Questions about the historicity of the flood shouldn't cloud the point of the story of the flood and of Noah and the covenant. The point is the contrast between God's attempted destruction of all living things because of the continual evil of the human heart (6:5) with God's recognition that this is not the way to deal with that evil. (See 8:21-22; 9:8-17) This is preparatory to the calling of Abraham and Sarah as God's response to the evil of the human heart, leading to the new covenant prophesied by Jeremiah and others (Jer 31:31-34) fulfilled in Jesus (Matt 26:26-29). I don't take the Genesis story to mean that God had to learn this. The story is a literary device to make the point; and it does so effectively. And it is not difficult to see this, especially given the function of Genesis 1-11. Incidentally, this story also criticizes human beings,, for we have not learned that killing off the 'evil ones' will not magically bring righteousness.
We meet something similar in Genesis 18 and Exodus 32. In these stories Abraham and Moses respectively convince God that destroying people is not necessarily the best thing to do, and frankly questionable considering the kind of God God is. Some people are tempted to read this as literally true, which makes God needing to be persuaded. (Or at best a test of Abraham and Moses). Whether these stories have some more ancient source and began their life with such an interpretation, this is not how they function in the Bible now. They are, again, literary devices highlighting that, even under extremis God is just and merciful (Gen 18) and faithful to the covenant (Exod 32). In the latter case, it is the covenant that is more important than the sin itself, and God acts on sin, not the other way around. This comes directly out of the source of the covenant, but more on that later.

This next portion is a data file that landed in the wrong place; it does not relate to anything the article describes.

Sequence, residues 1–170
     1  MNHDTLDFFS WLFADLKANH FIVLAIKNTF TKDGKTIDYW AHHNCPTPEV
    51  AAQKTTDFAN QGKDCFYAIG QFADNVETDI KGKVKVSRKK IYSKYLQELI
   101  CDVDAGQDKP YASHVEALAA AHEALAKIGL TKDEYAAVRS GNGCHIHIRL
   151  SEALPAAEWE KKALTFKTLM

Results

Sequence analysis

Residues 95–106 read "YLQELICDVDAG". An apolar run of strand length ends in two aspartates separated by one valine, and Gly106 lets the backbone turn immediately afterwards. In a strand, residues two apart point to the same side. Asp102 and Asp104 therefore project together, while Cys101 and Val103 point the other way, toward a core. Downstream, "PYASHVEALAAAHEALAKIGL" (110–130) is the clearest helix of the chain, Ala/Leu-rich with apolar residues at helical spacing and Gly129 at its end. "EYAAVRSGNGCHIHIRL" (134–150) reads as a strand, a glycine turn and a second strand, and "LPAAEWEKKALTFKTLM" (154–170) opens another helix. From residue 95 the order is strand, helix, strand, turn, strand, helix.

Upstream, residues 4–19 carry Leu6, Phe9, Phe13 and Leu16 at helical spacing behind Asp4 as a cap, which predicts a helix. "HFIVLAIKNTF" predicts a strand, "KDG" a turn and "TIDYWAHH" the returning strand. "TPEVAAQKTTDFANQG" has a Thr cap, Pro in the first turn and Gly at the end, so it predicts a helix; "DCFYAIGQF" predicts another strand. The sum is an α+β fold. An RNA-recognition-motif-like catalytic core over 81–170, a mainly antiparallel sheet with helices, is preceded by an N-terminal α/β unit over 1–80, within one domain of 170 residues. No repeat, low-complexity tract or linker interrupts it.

For further discussion of this point see Rowan Williams, Tokens of Trust, pp. 17-19, or point 12 in my Chapter 1 study notes.
For Pentecost 22(A)